DECEMBER 4, 2013 THE CALHOUN-LIBERTY JOURNAL Page 15 IN THE CIRCUIT COURT OF THE FOURTEENTH JUDICIAL CIRCUIT IN AND FOR CALHOUN COUNTY, FLORIDA CIVIL ACTION CASE NO.: 12-275-CA DIVISION: US BANK NATIONAL ASSOCIATON, AS TRUSTEE SUCCESSOR IN IN TEREST TOWACHOVIA BANK, NA TIONAL BANK AS TRUSTEE FOR ABFC 2002-WF2 TRUST, ABFC MORTGAGE LOAN ASSETBACKED CERTIFICATES, SERIES 2002-WF2, Plaintiff, vs. THE UNKNOWN HEIRS, DEVI SEES, GRANTEES, ASSIGNEEDS, LIENORS, CREDITORS, TRUSTEES, OR OTHER CLAIMANTS, CLAIM ING BY, THROUGH, UNDER OR AGAINST DOUGLAS K. THOMAS, SR. A/K/A DOUGLAS K. THOMAS, DECEASED, et al, Defendant(s). __________________________ / NOTICE OF ACTION To: THE UNKNOWN HEIRS, DEVI SEES, GRANTEES, ASSIGNEES, LIENORS, CREDITORS, TRUSTEES, OR OTHER CLAIMANTS CLAIM ING BY, THROUGH, UNDER, OR AGAINST, DOUGLAS K THOMAS SR. ALSO KNOWN AS DOUGLAS K. THOMAS, DECEASED Last Known Address: Unknown Current Address: Unknown ANY AND ALL UNKNOWN PARTIES CLAIMING BY, THROUGH, UNDER, AND AGAINST THE HEREIN NAMED INDIVIDUAL DEFENDANT(S) WHO ARE NOT KNOWN TO BE DEAD OR ALIVE, WHETHER SAID UNKNOWN PARTIES MAY CLAIM AN INTEREST AS SPOUSES, HEIRS, DEVISEES, GRANTEES, OR OTHER CLAIM ANTS Last Known Address: Unknown Current Address: Unknown YOU ARE NOTIFIED that an action to foreclose a mortgage on the following property in Calhoun County, Florida: LOT NO. 10, BLOCK 4, OF WOOD LAND ESTATES SUB-DIVISION OF THE CITY OF BLOUNTSTOWN AS PER PLAT RECORDED IN PLAT BOOK 1, PAGE 53, IN THE OFFICE OF THE CLERK OF THE CIRCUIT COURT OF CALHOUN COUNTY, FLORIDA A/K/A 16673 SW CYPRESS ST BLOUNTSTOWN FL 32424-1917 required to serve a copy of your written publication, if any, on Albertelli Law, Plaintiffs attorney, whose address is P.O. Box 23028, Tampa, FL 33623, ther before service on Plaintiffs attor ney, or immediately thereafter; other wise, a default will be entered against you for the relief demanded in the Complaint or petition. This notice shall be published once a week for two consecutive weeks in the Calhoun-Liberty Journal. WITNESS my hand and the seal of this court on this 18th day of November, 2013. Clerk of the Circuit Court Carla A. Hand By: Deputy Clerk Please send invoice and copy to: Albertelli Law P.O. Box 23028 Tampa, FL 33623 EF 011313F01 If you are a person with a disability who needs any accommodation in order to participate in this proceeding, you are entitled, at no cost to you, to the provi sion of certain assistance. Please con tact the ADA Coordinator by mail at P. O. Box 1089, Panama City, FL 32402 or by phone at (850) 747-5338 at least seven (7) days before your scheduled court appearance, or immediately time before the scheduled appearance is less than seven (7) days. If you are hearing impaired, please call 711. 11-27, 12-4 ------------------------------IN THE CIRCUIT COURT OF THE SECOND JUDICIAL CIRCUIT, IN AND FOR LIBERTY COUNTY, FLORIDA CASE No. 09000126CA BANK OF AMERICA, N.A., Plaintiff, vs. ALARIC VINCE MULLINS, II, ET AL. Defendant(s). ___________________________ / NOTICE OF FORECLOSURE SALE NOTICE IS HEREBY GIVEN pursuant to the Final Judgment of Foreclosure dated June 20, 2013 in the above action, I will sell to the highest bidder for cash at Lib erty, Florida, on December 17, 2013, at 11:00 AM, at Front steps of courthouse PO Box 399, Bristol, FL 32321 for the following described property: COMMENCE AT THE NORTHEAST CORNER OF SECTION 15, TOWN SHIP 1 SOUTH, RANGE 6 WEST; THENCE RUN SOUTH 00 DEGREES 24 MINUTES EAST, 506.23 FEET ALONG THE SECTION LINE TO THE POINT OF BEGINNING; THENCE CONTINUE TO RUN SOUTH 00 DE GREES 24 MINUTES EAST 147.8 FEET; THENCE RUN NORTH 72 DE GREES 36 MINUTES WEST, 593.00 FEET; THENCE RUN NORTH, 295.00 FEET; THENCE RUN NORTH 56 DE GREES 26 MINUTES EAST 402.40 FEET; THENCE RUN SOUTH 50 DEGREES 06 MINUTES EAST, 300 FEET ALONG THE SOUTHWEST RIGHT OF WAY LINE OF S.R NO. 20 TO THE POINT OF BEGINNING. Any person claiming an interest in the surplus from the sale, if any, other than the property owner as of the date of the ty (60) days after the sale. The Court, in its discretion, may enlarge the time of the sale. Notice of the changed time of sale shall be published as provided herein. Dated: December 3, 2013 Kathleen E. Brown Clerk of The Circuit Court by: Vanell Summers Deputy Clerk Prepared by: Gladstone Law Group, P.A. 1499 W. Palmetto Park Road Suite 300 Boca Raton, FL 33486 If you are a person with a disability who needs any accommodation in order to participate in this proceed ing, you are entitled, at no cost to you, to the provision of certain as sistance. Please contact Susan Wilson at 850-577-4401, 301 South Monroe Street, Tallahassee, FL 32301 at least 7 days before your scheduled court appearance, or im cation if the time before the sched uled appearance is less than 7 days; if you are hearing or voice impaired, call 711. 12-4, 12-11 PUBLIC AND LEGAL NOTICES Pea Ridge Road in Bristol PHONE (850) 643-5417 LABAN BONTRAGER, DMD MONICA BONTRAGER, DMD Bristol Dental Clinic Each breakfast includes a choice of assorted cereal, whole grain buttered toast and juice or choice of milk. MENUS SPONSORED BY: LIBERTY Dec. 4 Dec. 10 CALHOUN CHIPOLA COLLEGE is accepting applications for the following position: TEACHING ASSISTANT WELDING PROGRAM information are available at www.chipola.edu/personnel/jobs APPLICATION DEADLINE IS OPEN UNTIL FILLED. To obtain an application, contact Human Resources at email@example.com or at (850)718-2269. Candidates may be subject to background investigations. EQUAL OPPORTUNITY EMPLOYER W. C. LOGISTICS in Quincy, FL is now accepting ap plications for Semi drivers with a clean M.V.R. For more in formation please call Hubert Williams at: (850) 875-7952 DRIVERS Dedicated Southern Lanes & OTR! All miles PAID (loaded & empty) Or Walk Away Lease: NO money down NO credit check Telephone (888) 880-5911 Home EVERY Weekend! 12-4-13 THE JOB MARKET To place your ad, email thejournal@ fairpoint.net or fax 1-888-400-5810. Exotic invaders of the FL Panhandle Gardening IN THE PANHANDLE from the University of Florida IFAS Extension Service by Les Harrison Wakulla Co. Extension Director Tarzan used them as a superhigh way through the trees in every ad venture created by Edgar Rice Bur roughs. Villains and scoundrels alike fell prey to the ape-man and his horde of avenging simians descending on vines from the trees. ent day panhandle Florida. This is especially true about the vines which are impossible to use as a pro pulsion system and in many cases are exotic invaders. sometimes known as the weed that ate the south. It was introduced into the United States at the Philadel phia Centennial Exposition in 1876. By 1900 kudzu was available by mail order as inex as an erosion control. The vigorous nature of the plant allowed it easily to escape into the wild. It now exists in impenetrable tangles as large as 100 ering native plants. Kudzu is an ag gressive leguminous vine capable of growing one foot per day. It can eas ily grow 60 feet in a single growing season. It establishes roots sporadically as foliage on top of each other. One key to this plants maximum amount of sunlight possible is absorbed. This multi-directional orientation of leaves also pos sides of foliage with herbicide. Special effort is necessary to control kudzu. Old completely eradicate. Follow-up spot treatments can when vines and foliage are withered. Japanese Climbing Fern (Lygodium japonicum) is monly recognized as Kudzu. It is presently the only non-native invasive fern in the Florida. Japanese climbing fern is a delicate looking peren nial climbing vine. It is capable of forming a dense mat-like thatch capable of covering trees and shrubs. tal. This fern reproduces and spreads readily by windwho move through an area with climbing ferns are very likely to pick up spores and move them to other locations. tion of this vine for ornamental purposes is prohibited by statute. bridge to the crown of unlucky trees. achieved with multiple applications of herbicides. timed treatments are likely to be necessary. Kudzu vines covering native vegetation.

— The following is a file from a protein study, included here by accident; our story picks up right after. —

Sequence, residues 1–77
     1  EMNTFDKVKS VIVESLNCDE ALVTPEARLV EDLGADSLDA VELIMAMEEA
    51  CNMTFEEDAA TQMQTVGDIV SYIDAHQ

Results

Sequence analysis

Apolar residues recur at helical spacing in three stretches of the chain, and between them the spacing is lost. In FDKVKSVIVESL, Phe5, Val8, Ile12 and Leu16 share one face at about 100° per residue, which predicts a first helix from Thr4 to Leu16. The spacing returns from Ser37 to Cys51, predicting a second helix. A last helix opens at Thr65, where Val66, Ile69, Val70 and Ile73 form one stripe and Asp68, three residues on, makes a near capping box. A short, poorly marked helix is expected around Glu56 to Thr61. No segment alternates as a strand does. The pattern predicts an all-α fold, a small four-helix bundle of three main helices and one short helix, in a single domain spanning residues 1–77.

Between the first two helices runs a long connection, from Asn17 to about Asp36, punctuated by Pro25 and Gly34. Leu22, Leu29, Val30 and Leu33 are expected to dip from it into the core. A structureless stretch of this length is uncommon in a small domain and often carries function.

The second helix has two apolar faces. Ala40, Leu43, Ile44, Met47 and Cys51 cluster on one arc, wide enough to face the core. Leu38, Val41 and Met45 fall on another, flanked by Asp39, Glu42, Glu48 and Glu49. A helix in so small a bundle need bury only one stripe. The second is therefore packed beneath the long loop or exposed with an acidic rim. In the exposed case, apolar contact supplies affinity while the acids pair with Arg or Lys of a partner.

Page 16 THE CALHOUN-LIBERTY JOURNAL DECEMBER 4, 2013 SERVICE DIRECTORY William's Home Improvements No Job Too Big or Small" Concrete work, landscape, pressure cleaning, renovations, seamless gutter, painting, vinyl, & screen enclosure Call 674-8092 Licensed & Insured, contractor & roofer FOR FREE ESTIMATES Call Chris Nissley STUMP GRINDING Reasonable Rates & FREE Estimates! That Darn Pump There is never a convenient time to be without water. REPAIRS WELLS PUMPS TANKS Aaron Woodham, Jr. Bristol, FL For friendly service and never any overtime charges call, Clint Hatcher, Owner New Homes H Garages H Additions H Electrical Remodeling Foundations Screenrooms Sunrooms H VINYL SIDING H RESIDENTAL & COMMERCIAL FREE Estimates Serving Calhoun, Liberty & Jackson Counties JEMISON Heating & Cooling, INC. Carrier Equipment Masters Farm Supply LS Tractor Equipment Retail Wholesale Committed To Quality Since 1973 25888 SR 73 NW Altha mail to: firstname.lastname@example.org Land Clearing and Forestry Services Hwy 71 South on J.P. Peacock Rd, Altha. DAY OR NIGHT Check out our prices. For ALL Your One STOP Florist NEEDS Margies Florist TERMITE & PEST CONTROL CONTACT Jeremy Ridley or Dee Ridley Calhoun County Farm-City awards lunch Nov. 22 November is a time for honoring our Veterans, cance of agriculture in America. The Calhoun Coun ty Chamber of Commerce, the UF/IFAS Extension Service, the Florida Forest Service, and the USDA National Resources Conservation Service, feel it is to our local economy by honoring some of our many hard working farmers. In 1955 the National FarmCity Council es tablished Farm-City events to celebrate the im portance of agriculture to the economies of local communities. On Nov. 18, 2011, the President of the United States recognized this connection when he proclaimed the week prior to Thanksgiving Day as National Farm-City week, asking Americans to honor the individuals, families, and communities who provide us the staple foods that sustain our Na tion. Farmers and buyers need each other. These essen tial partnerships ensure the availability of safe and plentiful foods. They also ensure farmers continue the use of research-based best management practices which sustain the quality of our treasured environ ments for future generations. Florida produces nearly 300 different agricultural products. It farms more than 9.2 million acres of land, which is about 1/3 of the state. Florida produc es about 67% of oranges for the U.S. and accounts for about 40% of the worlds orange juice supply, employees more than 1.9 million people and contrib utes over $130 billion to the states economy. Calhoun County farmers are an important part of Floridas agricultural industry. About 20,000 acres of crops are grown each year in Calhoun County with a value of approximately $16 million. In recent years: approximately 7,000 acres of cotton; 5,000 acres of peanuts; 3,000 acres of soybeans, and 1,000 acres of corn are planted each year. The acres planted and harvested vary from year to year depending on the markets, the weather, occurrence of disease, insects, weeds, and even depredation by deer and wild hogs. Calhouns agriculture also includes dairy and beef cattle, goats, hay, honeybees, poultry, lumber, pine straw, and yes, even Koi! According to a 2010 University of Florida Eco nomic Study,agriculture, natural resources, and tions of all industry groups in Calhoun County. Total output was $128 million and 1,142 jobs. As a group, sharing similar interests, participants can learn from each other, share resources, educate the youth of the next generation, and strengthen their economic status as well as the strengthen the local economy. To conduct the business of agriculture, our farm ers must also be economists, meteorologists, veteri narians, mechanics, botanists, pest control experts, soil scientists, lifelong students, and land managers. In honor of Calhoun Countys local agricultural producers, the following awards were presented at the Nov. 22 Farm-City Awards Luncheon. 2013 NRCS Conservation Farmer of the Year Steve Beaver Yoder Jr.: Mr. Yoder, locally known as Beaver, farms 500 acres of soybeans, corn, and peanuts, and grazes cattle on 800 acres of improved pasture in Calhoun County. The Yoder family has farmed in Calhoun County for 3 generations (Steve Yoder Jr., Steve Yoder Sr., and Monroe Yoder). With generations of experience passed down to Steve, he knows the importance of conserving and enhancing his soil, water, and forage resources so he can one day pass the land to the next generation. Steve im proves his soil by implementing conservation tillage practices including strip-tillage and the use of cover crops. These practices improve soil health and in crease yields by minimizing tillage, building organic matter, and reducing nutrient applications. Steve manages both cow-calf and stocker cattle opera tions. He implements prescribed grazing practices which include planting winter cover crops and using clude healthier environment, higher quality forage, and healthier cows. 2012 Calhoun County Agriculture Innovator: Rodger and Marcia Price of Harmony Farm were recognized as the 2012 Calhoun County Agricul ture Innovator. Throughout their 53 year marriage, Rodger and Marcia have had diverse and interest ing agricultural ventures. From each experience they learned different farming skills, and into each endeavor they integrated their own innovations. In Calhoun County, between 1993 and 2006, the Pric es managed a muscadine vineyard, a fruit orchard, and a Vertigro hydroponic system with strawberries. Currently, they grow 24 acres of perennial peanuts. Many of their innovations include building needed tools by customizing equipment they already had. For example, some of these improvised tools in cluded a boom-mounted hedge trimmer, a custom tractor-mounted rake, a directed-spray pesticide ap plicator, a custom grape sorting/packing device, and a computer controlled, 12-zone, irrigation system. All were designed and built by Rodger and Mar cia, and each piece of equipment was necessary to ease, and make harvesting, storing, and marketing cost-effective. Rodger and Marcia always eagerly promote agricultural awareness and appreciation through their many hours of community service with UF/IFAS Extension, USDA Farm Service Agency, and the Natural Resources Conservation Service, as Master Gardeners, High School Envirothon Team leaders, and NRCS committee members. 2013 Forest Landowner of the Year Jackie Sewell: Mr. Sewell has been a forest landowner for many years in Calhoun County. He has worked closely with the Florida Forest Service since 1990, which also means he has worked closely with three different County Foresters (Joey Brady, Steve Os walt, and Ariel Sewell)! He manages many acres of forestland and implements good forestry best man agement practices such as prescribed burning and mowing. Mr. Sewell has recently planted 35 acres of longleaf pine. Although long leaf pine requires a bit more management during establishment, it is one of the best pines to plant for landowners as well as our environment. Of all the southern pine species, long leaf pine is the hardiest and has the greatest longev ity. When managed properly by foresters like Mr. Sewell, longleaf pine forests develop a stable grass ecosystem, providing ideal habitat for many plants and animals. 2013 NW Extension District Agricultural Inno vator: Oglesby Plants International is well known in the ornamental plant industry as a leading supplier of young plants for commercial growers around the world. The companys founder, Raymond P. Ogles by was always on the cutting edge of plant propaga tion, and in the mid 1970s he started working with plant tissue culture, or cloning, making it a commer ducing millions of high quality nursery plants. The early 1970s. The nursery was established at the cur rent site in the early 80s, and the lab was moved to Altha, from Hollywood in 1984. On average, it takes the market. Oglesby is known worldwide for its plant produc known locally for its generous and consistent com munity partnerships. Oglesby routinely supports Ex tension programs such as the 4-H Learning Gardens and local school agriculture programs. They are also a source of employment for local citizens and young adults interested in agriculture. At the University of Florida, the Oglesby family created the Raymond P. and Jane F. Oglesby Scholarship. This Scholarship was established because they felt strongly about sup porting young people entering the plant nursery and Judy Ludlow, Agriculture and Natural Resource Agent Farm-City Luncheon on Nov. 22. Steve Yoder, Jr. is presented with the NRCS Conservation Farmer of the Year Award by District Agricultural Innovator Award.